Wright-Patterson AFB, Dayton-Area Providers Team Up to Break Ground on COVID-19 Treatments
Col. Bradley Lloyd, Wright-Patterson AFB's Director of of Medical Education, recently described his installation’s partnership with Miami Valley Hospital in Dayton, Ohio as long – to the point where “it’s hard to nail down” precisely when the partnership started. The partnership originated decades ago with graduate medical education programming, and eventually became a joint program under Wright State University. The program services about 400 residents, and also includes other allied healthcare positions such as nursing and respiratory therapy. Col Lloyd emphasized how the collaboration benefits both the Air Force and civilian students.
Wright-Patterson AFB and Miami Valley Hospital’s collaboration recently gained notoriety for their ground-breaking efforts surrounding COVID-19 convalescence plasma (CCP). The CCP therapy treatment has been administered successfully to 18 patients, and could not have happened without the intellectual capital involved in this partnership. On 24 March, the U.S. Food and Drug Administration released an emergency investigative new drug protocol for COVID-19 CCP for severe disease. CCP involves utilizing plasma from a donor who contracted and recovered from COVID-19. Using an existing protocol as a starting point, the partners developed their own protocol. They eventually created a coalition that included Premier Health, the Dayton VA Medical Center, Kettering Health Network, and Dayton Children’s Hospital, and brought a donor to the Dayton area.
On 6 April, the first CCP donation was taken, and it has since been used to treat multiple COVID-19 patients. As Dr. Roberto Colon, who is System Vice President of Quality and Safety for Premier Health, recently told the press, “In just under two weeks, this therapy went from a concept at the Wright-Patterson Medical Center to operational across the city of Dayton.”
Wright-Patterson AFB is engaged in a variety of additional efforts to combat the virus, including: participating in a Community Support Cell; making face coverings; and coordinating volunteers for restocking food.
Tyndall, Community Establish Five Partnerships in 90 Days
Partnerships can assist in overcoming even the great of challenges. Leaders at Tyndall AFB and the surrounding communities have used collaboration as a force multiplier as the folks on both sides of the fence line seek to rebuild after Hurricane Michael, establishing five partnerships in only 90 days. In October 2018, the category five storm devastated the region encompassing Tyndall AFB. With 484 buildings damaged or destroyed, the installation had a long road to recovery. Base and local leaders chose to approach recovery as an opportunity: they set their sights on becoming an example of resilience.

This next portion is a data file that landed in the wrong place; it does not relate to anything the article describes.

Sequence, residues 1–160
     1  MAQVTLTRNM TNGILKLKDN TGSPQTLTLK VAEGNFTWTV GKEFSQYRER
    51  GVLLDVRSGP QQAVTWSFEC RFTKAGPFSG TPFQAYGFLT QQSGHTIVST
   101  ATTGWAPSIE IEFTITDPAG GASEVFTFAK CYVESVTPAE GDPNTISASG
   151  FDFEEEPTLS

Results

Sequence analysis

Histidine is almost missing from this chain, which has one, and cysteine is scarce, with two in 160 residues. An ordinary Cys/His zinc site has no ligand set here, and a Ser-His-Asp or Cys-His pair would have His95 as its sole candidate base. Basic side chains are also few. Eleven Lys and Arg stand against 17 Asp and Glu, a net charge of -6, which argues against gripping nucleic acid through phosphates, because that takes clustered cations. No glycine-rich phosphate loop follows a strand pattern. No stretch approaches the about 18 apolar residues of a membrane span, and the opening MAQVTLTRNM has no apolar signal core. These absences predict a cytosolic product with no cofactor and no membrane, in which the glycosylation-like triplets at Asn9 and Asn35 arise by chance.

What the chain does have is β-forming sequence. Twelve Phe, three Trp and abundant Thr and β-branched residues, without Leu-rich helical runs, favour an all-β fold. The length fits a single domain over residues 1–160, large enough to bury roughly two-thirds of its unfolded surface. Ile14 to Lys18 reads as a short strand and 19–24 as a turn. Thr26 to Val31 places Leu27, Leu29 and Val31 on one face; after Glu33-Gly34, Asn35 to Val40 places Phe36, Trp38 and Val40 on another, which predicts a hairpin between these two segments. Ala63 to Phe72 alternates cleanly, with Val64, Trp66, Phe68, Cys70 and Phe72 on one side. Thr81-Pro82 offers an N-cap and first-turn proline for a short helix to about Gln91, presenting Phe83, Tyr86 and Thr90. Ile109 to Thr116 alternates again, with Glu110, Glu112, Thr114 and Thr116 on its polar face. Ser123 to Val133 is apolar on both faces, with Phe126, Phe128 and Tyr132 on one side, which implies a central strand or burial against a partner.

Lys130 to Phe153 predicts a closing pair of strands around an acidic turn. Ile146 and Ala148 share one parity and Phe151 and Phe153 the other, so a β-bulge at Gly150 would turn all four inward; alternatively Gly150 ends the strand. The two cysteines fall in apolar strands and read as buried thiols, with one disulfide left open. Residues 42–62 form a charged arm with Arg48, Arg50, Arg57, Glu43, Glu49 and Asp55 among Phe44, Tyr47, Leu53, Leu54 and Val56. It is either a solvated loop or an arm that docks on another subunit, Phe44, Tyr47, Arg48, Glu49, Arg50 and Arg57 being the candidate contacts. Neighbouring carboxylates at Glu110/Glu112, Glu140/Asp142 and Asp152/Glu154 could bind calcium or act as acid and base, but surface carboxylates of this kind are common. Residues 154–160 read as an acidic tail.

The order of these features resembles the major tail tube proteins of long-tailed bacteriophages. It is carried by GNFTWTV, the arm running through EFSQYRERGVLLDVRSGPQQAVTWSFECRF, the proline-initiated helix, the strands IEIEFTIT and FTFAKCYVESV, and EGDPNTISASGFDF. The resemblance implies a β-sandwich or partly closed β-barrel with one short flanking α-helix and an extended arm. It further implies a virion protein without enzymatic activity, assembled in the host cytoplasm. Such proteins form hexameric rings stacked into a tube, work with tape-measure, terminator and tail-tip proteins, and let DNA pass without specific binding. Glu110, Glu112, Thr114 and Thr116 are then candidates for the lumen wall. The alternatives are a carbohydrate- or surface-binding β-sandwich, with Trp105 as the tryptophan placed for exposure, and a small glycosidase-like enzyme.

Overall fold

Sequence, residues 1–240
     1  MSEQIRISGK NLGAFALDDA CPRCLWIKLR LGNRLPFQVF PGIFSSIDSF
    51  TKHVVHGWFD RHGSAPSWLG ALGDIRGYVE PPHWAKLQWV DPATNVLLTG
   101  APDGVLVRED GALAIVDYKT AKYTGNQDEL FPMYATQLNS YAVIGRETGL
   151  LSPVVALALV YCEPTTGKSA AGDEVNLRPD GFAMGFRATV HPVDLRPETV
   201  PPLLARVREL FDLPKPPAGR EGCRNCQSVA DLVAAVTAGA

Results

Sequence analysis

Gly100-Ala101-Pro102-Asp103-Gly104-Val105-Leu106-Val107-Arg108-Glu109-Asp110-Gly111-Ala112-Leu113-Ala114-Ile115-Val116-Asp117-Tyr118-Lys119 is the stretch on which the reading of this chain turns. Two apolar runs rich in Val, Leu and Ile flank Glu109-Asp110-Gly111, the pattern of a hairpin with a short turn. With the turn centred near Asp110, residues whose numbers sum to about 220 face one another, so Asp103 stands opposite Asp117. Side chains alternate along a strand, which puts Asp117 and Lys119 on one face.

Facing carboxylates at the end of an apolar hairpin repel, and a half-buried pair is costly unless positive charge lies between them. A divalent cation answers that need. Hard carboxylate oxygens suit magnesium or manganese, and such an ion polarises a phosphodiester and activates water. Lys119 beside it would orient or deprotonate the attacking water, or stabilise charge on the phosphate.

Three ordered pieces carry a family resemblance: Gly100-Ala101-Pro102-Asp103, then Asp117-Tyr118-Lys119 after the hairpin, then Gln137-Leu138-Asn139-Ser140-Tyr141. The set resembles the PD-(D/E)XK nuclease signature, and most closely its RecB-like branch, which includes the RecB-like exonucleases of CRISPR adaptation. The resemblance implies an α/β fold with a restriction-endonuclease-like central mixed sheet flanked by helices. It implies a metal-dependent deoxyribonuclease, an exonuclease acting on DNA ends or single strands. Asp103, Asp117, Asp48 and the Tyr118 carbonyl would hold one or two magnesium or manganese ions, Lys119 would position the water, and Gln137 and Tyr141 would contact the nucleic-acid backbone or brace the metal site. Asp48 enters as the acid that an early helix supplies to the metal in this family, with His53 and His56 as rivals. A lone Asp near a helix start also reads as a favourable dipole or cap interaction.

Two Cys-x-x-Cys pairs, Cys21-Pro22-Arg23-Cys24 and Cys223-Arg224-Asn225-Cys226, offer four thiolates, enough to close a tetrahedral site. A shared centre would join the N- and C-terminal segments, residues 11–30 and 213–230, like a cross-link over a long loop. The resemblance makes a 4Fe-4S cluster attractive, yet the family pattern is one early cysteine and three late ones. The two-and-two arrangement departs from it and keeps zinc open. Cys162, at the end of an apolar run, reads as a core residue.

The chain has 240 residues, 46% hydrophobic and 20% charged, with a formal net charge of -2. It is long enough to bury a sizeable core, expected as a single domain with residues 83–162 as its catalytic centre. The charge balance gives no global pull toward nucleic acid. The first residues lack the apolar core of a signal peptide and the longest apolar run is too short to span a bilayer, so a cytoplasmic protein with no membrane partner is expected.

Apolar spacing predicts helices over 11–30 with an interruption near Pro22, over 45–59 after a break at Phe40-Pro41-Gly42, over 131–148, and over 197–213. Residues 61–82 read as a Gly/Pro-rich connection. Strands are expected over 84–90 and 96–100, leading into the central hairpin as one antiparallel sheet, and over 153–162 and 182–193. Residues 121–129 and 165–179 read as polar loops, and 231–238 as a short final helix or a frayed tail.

Achieving this aspiration will require a strong working relationship, built with significant time and effort. To lay a foundation and build momentum, the AFCP Program guided the partners in identifying a series of quick wins: five partnerships that could be established and produce results within a tight timeframe. The result was a truly amazing breadth of collaborations in an impressively short amount of time.
A medical training affiliation agreement with Ascension Sacred Heart Bay Hospital will expand local training options for the 325th Medical Group A joint mosquito eradication effort with Bay County allows the partners to work in concert instead of working in parallel to address mosquitos. The partners are also utilizing SkillBridge, a Department of Defense (DOD) program that enables service members to work in their local communities during their final months of service to facilitate a smoother transition to civilian life. A partnership focused on spousal employment will provide military spouses access to online job training and priority job placement initiatives. Finally, an agreement between the installation, the Bay County Sheriff’s Office, and Gulf State College will facilitate unique training on high-speed vehicle pursuit.